As a north beach flaneur, I come across a lot of neighborhood characters who lighten my load. This is especially important during the year-end holidays. Let me tell you about a few of these boulevardiers who have made my past year a little brighter and more interesting. To all of them — Buon Natale, Feliz Navidad, and Happy Hanukkah.
I’m a big fan of Daniella Crismani at Mario’s Bohemian Cigar Store and Cafe. Daniella makes Mario’s a happy place to hang out. She has a great smile and a lot of good banter — good banter is important to me.
Here’s a tip of my Panama hat to Roy Voorhies, patron of my saloon Gino and Carlo. Roy is a North Beach roustabout who always has time for a chat. One day he and a woman at the bar were hugging. When I asked what was up with the hug, Roy replied, “Just checking for the sake of quality control.”
From time to time I encounter Bernardo Quintana, the North Beach street haberdasher. Bernie moves briskly about North Beach trailing a black roll-on airline bag. He sells shirts, socks, jackets, and sweaters out of that bag. And I buy them.
Then there are the Duggans (John Senior and Junior, Marie, and Elena) — my hosts at Original Joe’s, experts at making me happy.
Bruce Bellingham, whom I sometimes refer to as Bruce “Belling the Ham,” is the prosciutto of North Beach, and a fine writer whose column appears in this paper. We are all lucky to have him.
Or what about Lisa Ambroziani, the career dog walker of Telegraph Hill. Lisa’s in charge of a bulldog named Sparky, who prefers to warm his tush on the sunny sidewalk rather than take a hike around the neighborhood.
And because we’re talking about creatures, great and small, here’s a happy holiday wish to Fook Fook, the deaf, blue-eyed, pure white mouser of Upper Grant Avenue. A joy to the old neighborhood!
In case you haven’t picked this up from reading my columns, James is the Gentleman Trencherman — my frequent lunch buddy who always gets me home before dark.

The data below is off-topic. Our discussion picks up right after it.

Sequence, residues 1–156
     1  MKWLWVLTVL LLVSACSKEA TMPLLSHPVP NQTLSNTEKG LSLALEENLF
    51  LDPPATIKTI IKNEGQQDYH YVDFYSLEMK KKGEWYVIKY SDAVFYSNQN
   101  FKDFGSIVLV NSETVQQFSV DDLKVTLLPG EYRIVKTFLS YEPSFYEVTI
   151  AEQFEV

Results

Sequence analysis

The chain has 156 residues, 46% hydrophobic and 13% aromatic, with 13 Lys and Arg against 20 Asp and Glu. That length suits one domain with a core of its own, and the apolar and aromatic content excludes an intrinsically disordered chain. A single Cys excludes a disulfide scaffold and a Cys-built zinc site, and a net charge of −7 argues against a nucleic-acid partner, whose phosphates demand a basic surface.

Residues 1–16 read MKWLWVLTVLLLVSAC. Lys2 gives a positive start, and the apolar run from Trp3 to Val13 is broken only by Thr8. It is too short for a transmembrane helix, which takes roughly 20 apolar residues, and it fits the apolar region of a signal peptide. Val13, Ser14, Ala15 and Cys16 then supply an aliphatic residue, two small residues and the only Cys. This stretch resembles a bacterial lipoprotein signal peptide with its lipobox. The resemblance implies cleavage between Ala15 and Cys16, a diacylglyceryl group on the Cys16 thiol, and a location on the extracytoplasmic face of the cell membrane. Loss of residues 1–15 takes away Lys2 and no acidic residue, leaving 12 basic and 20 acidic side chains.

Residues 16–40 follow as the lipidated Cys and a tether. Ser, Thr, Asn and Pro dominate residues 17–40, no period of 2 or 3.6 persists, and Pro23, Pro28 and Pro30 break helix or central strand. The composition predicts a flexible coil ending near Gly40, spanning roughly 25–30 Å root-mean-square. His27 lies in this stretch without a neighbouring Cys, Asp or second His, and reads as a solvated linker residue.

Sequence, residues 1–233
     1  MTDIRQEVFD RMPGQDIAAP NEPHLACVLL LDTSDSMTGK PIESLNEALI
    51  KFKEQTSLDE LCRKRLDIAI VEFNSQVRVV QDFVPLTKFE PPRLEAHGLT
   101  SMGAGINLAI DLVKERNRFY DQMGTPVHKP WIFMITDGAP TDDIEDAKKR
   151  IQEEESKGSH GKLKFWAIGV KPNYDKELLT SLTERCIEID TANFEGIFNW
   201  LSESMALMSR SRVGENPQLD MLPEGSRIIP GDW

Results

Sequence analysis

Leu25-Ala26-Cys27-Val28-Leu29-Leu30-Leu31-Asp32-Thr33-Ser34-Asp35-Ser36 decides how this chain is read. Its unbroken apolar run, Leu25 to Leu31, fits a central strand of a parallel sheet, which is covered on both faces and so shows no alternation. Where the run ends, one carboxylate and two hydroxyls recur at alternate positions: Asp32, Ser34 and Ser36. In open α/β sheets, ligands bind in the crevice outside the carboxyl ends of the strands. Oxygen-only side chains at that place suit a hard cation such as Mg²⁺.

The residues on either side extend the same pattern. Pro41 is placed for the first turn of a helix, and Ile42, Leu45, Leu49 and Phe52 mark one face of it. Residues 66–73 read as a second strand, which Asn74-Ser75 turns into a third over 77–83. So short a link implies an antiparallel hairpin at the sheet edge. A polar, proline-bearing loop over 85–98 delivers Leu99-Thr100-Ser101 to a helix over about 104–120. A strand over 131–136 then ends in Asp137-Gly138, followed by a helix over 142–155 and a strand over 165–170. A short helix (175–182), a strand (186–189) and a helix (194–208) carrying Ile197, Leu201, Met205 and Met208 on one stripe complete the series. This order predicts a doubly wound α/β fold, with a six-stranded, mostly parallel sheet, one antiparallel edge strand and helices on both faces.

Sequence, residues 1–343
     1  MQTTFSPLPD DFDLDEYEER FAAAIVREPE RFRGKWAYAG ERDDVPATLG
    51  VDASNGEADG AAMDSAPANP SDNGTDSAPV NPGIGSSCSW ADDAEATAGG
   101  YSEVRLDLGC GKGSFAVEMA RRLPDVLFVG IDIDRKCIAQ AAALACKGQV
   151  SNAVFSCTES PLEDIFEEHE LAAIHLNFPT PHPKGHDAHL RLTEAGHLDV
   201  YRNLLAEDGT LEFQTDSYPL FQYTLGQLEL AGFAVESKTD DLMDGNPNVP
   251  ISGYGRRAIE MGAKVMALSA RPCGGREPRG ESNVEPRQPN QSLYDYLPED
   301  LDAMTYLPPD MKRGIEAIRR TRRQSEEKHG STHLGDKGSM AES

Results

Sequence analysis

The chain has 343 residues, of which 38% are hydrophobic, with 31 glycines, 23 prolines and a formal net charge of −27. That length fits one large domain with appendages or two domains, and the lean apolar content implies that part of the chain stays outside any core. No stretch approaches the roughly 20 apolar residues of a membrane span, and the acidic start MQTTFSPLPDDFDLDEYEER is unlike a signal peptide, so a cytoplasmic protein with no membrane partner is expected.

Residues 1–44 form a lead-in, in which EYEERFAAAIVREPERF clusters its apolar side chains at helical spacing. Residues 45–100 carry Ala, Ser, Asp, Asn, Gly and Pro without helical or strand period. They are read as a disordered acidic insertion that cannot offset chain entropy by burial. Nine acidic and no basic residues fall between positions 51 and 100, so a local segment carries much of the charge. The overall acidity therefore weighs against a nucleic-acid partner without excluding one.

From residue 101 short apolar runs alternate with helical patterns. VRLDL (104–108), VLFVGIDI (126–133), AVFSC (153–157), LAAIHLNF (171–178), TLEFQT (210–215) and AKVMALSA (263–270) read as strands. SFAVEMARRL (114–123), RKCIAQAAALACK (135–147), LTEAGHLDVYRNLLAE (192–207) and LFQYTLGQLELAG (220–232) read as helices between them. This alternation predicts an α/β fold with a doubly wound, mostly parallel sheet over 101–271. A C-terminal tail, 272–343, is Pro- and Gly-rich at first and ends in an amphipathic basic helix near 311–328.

My salami man, Joe Mastrelli, proprietor of Molinari, has everything from antipasto to Zampino — and a lot of charm that he dishes out with those monster sandwiches.
My friend Johnny Jones, a bartender at Original Joe’s, is a constant in my life. I think he has a book in him. Next time you see him, ask him to tell you some stories.
It’s a good day when I run into Brandy Marts, Calzone’s marketing guru. She does more to enhance North Beach than most of the posturing pundits who hang out in the old neighborhood.
Renee Sammon, server at the Original U.S. Restaurant. When Renee lays one on you, you know you’ve been smiled.
LISA POLLARD COPPOLA
I call her Saxlady. She let me play the Chinese gong in her band — the Green Street Mortuary Marching Band, which we all love to watch as they stride through North Beach and Chinatown playing Christian hymns for the dearly departed. Lisa is the band boss and plays tenor sax like Dexter Gordon.
Melissa Lavelle at Sotto Mare — Ah, sweet Melissa, as the Allman Brothers might intone. I like her sense of humor. When I ask for extra sauce for my shrimp Louie, Melissa deadpans, “No more sauce for you.” But then she brings it.
Angela Alioto. A while back, I vowed never to mention her name in my Sketches column again. No matter what nice things I’ve said about her, she always let me have it with both barrels, and that’s tiresome. But in the spirit of Christmas, I’m making an exception here.
Aaron Peskin. The progressives’ progressive on the board of Supes. I don’t always agree with Aaron but when I call him to task, he doesn’t blow up.
THE CENTRAL STATION COPS
And — to all the cops at Central Station — thanks guys and gals.
And to that poet, painter, pamphleteer, and publisher Lawrence Ferlinghetti — soon to be 98 — I have a special Christmas wish — youngster, keep doing what you’re doing.
To Ron Spinali, my butcher, who also advises me on books to read — and sells mine along with his incomparable Italian sausage at Little City Market.
To novelist Herbert Gold who comes down from the Olympian literary heights of Russian Hill to grab lunch at Caffe Puccini with me and advises on my writing. I appreciate it.
SHANICA ON THE 39
I can’t forget my favorite Muni driver, Shanica, who drives me home on the 39 bus when I need to get home.
EARL, SUSAN, JOHN, AND LYNETTE
And a Merry Merry to my Marina Times colleagues — my publisher, the saintly Earl Adkins; editor-in-chief, Susan Dyer Reynolds; executive editor, John Zipperer; and managing editor, Lynette Majer — thanks for allowing me to write all this important stuff.
I wish I could have written this Christmas column in vague traces of skipping reels of rhyme like a recent Nobel Laureate but:
I’m not a poet
And I know it.
If you don’t find your name in this column, there’s always next year.